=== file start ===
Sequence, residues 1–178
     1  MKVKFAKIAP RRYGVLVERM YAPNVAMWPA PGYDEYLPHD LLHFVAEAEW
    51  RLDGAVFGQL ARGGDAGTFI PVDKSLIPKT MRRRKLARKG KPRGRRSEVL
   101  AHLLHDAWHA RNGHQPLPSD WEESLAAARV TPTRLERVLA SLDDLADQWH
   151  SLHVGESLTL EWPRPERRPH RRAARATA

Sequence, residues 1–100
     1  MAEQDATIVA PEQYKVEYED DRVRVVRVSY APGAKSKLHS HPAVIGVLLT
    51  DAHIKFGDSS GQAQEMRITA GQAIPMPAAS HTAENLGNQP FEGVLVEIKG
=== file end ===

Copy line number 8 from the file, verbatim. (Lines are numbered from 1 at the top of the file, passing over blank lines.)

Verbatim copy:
    51  DAHIKFGDSS GQAQEMRITA GQAIPMPAAS HTAENLGNQP FEGVLVEIKG